WESTBOROUGH, MA March 15, 2016 In a published article headlining the BBC web pages the NFL has acknowledged that a link exists between repeated concussion and chronic traumatic encephalopathy – a deadly brain disease resulting in depression, memory loss, and erratic behavior. Only 50 days ago the NFL’s hired “expert” Mitch Berger, M.D., a neurosurgeon claimed that no link had been established between hits in football and the chronic brain disease leading to death.
This is the first time the NFL has acknowledged that such a link exists. Why are they now acknowledging what science has accepted years ago?
In Boston, neuropathologist Dr. Ann McKee unequivocally states that a correlation between concussive and subconcussive blows to the head has resulted in CTE in 90 of 94 brains she has examined – all from NFL players who have died and donated their brains to the Boston University Brain Bank. “The Boston Globe features this story as well today” according to Michael Sefton, Ph.D. “I have heard Dr. McKee and her colleagues report these findings since they examined the first series of brains including the brain of former N.E. Patriot Junior Seau who committed suicide shortly after his retirement from football.” The link has been well established for over 5 years but denied by NFL medical experts and league president Roger Goodell. The NFL Player’s Association sued Goodell and the NFL for hiding the dangers associated with concussion in 2014. The major motion picture Concussion starring Will Smith as real life physician Bennet Omalu was overlooked for an Oscar nomination in 2015. Nevertheless, the movie brought many of the NFL’s secrets about concussion out for all to see.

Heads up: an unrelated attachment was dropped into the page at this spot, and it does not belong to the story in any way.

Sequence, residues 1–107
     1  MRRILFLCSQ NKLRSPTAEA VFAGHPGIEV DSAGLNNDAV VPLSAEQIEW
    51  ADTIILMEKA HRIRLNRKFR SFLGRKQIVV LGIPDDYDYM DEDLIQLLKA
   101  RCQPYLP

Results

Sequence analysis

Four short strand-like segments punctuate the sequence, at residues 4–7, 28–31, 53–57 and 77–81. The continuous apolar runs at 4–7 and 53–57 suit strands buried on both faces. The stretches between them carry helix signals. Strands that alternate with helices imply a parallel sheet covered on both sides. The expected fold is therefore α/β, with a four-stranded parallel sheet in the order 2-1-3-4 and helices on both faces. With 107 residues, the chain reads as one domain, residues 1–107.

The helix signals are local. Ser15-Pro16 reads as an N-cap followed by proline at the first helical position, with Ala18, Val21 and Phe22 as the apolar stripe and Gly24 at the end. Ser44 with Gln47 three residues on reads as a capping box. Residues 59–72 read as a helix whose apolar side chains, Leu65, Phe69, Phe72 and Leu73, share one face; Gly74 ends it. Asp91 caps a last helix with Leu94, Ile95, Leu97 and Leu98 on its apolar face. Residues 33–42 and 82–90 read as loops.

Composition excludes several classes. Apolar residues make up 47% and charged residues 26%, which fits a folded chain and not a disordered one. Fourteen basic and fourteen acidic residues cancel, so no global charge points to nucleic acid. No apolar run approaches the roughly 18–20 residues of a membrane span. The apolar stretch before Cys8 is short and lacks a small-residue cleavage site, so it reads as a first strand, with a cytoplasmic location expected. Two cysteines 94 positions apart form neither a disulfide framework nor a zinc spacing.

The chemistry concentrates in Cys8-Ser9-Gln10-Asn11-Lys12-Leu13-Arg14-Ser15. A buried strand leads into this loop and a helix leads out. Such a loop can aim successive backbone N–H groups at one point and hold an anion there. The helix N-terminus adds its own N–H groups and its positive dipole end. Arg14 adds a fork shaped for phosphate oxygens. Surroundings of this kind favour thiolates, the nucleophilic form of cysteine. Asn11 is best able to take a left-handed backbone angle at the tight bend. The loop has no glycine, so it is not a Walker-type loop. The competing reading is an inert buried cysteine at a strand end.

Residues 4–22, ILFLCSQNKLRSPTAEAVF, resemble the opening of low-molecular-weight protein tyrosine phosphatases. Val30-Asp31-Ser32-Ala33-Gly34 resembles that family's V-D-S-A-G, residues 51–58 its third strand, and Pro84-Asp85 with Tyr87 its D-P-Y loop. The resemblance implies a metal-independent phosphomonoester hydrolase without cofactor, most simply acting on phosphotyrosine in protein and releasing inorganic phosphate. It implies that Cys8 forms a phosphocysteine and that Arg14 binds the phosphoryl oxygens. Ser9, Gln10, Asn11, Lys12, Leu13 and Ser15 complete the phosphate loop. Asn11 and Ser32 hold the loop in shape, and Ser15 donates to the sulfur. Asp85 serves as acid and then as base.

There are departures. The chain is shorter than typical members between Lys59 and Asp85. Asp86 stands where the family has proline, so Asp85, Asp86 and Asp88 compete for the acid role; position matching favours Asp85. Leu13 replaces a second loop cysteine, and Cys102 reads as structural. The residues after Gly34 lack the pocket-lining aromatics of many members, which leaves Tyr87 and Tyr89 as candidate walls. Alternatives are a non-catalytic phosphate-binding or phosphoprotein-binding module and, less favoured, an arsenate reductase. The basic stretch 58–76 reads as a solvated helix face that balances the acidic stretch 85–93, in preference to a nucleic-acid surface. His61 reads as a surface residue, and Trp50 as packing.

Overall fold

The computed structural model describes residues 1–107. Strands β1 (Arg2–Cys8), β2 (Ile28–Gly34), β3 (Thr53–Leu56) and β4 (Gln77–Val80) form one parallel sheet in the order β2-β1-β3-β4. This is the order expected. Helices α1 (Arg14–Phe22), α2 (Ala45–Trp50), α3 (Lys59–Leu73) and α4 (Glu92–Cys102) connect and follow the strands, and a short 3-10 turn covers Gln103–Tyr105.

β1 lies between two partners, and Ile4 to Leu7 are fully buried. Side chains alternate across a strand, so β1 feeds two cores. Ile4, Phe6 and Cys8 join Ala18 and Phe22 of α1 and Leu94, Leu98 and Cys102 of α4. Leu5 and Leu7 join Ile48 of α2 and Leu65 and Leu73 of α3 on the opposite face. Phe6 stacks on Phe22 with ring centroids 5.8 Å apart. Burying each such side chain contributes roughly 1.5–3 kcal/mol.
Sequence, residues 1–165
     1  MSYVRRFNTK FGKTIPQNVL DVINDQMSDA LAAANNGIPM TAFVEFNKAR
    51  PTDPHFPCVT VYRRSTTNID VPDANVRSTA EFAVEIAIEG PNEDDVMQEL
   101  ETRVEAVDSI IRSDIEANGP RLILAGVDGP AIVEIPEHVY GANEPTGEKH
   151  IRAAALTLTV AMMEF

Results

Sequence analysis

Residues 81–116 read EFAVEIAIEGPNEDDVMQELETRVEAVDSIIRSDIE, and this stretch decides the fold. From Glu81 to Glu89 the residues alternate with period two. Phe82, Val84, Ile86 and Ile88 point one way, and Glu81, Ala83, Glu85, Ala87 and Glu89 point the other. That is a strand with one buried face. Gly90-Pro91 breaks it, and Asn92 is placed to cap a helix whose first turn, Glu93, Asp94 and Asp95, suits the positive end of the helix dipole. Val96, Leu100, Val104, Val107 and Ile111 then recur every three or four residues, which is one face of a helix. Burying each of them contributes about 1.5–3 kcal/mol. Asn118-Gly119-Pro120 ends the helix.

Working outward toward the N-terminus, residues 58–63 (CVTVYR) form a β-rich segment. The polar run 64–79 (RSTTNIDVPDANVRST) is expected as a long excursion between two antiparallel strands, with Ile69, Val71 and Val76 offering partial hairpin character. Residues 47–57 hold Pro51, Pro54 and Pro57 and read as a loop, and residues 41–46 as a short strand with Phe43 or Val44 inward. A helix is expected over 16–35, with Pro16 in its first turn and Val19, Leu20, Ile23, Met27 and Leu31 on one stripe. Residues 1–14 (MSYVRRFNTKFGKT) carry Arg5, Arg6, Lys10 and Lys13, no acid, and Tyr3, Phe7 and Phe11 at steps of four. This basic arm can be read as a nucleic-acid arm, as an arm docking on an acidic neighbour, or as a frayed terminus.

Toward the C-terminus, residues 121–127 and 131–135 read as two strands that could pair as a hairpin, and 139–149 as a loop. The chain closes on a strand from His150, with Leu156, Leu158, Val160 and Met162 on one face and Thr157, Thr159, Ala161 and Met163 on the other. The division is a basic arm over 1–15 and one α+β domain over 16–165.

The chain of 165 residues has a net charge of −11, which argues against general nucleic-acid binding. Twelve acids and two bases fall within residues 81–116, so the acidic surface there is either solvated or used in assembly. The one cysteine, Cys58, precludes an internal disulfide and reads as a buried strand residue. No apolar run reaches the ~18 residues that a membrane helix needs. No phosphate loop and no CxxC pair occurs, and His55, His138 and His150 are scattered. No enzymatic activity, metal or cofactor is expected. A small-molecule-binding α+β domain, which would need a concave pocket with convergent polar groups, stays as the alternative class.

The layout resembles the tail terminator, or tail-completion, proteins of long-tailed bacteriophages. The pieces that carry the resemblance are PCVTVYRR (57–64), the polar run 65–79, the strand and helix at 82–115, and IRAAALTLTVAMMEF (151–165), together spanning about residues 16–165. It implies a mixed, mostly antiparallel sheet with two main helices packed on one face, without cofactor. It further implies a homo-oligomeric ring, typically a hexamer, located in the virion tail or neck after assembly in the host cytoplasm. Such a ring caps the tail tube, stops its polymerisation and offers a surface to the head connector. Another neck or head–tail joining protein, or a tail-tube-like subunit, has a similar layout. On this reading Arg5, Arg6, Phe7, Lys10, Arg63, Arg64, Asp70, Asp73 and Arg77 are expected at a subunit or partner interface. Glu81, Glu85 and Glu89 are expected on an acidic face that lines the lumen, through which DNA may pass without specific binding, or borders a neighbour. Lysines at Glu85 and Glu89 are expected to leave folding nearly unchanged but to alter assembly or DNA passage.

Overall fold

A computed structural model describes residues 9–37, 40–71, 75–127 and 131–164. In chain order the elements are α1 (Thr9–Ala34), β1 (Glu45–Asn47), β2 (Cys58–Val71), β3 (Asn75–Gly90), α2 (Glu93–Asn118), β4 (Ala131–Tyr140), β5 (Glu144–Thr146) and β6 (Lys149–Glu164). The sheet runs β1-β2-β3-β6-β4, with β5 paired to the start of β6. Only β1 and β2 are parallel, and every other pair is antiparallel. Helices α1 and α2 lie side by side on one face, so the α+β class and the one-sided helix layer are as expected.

This link will take the reader to the BBC report.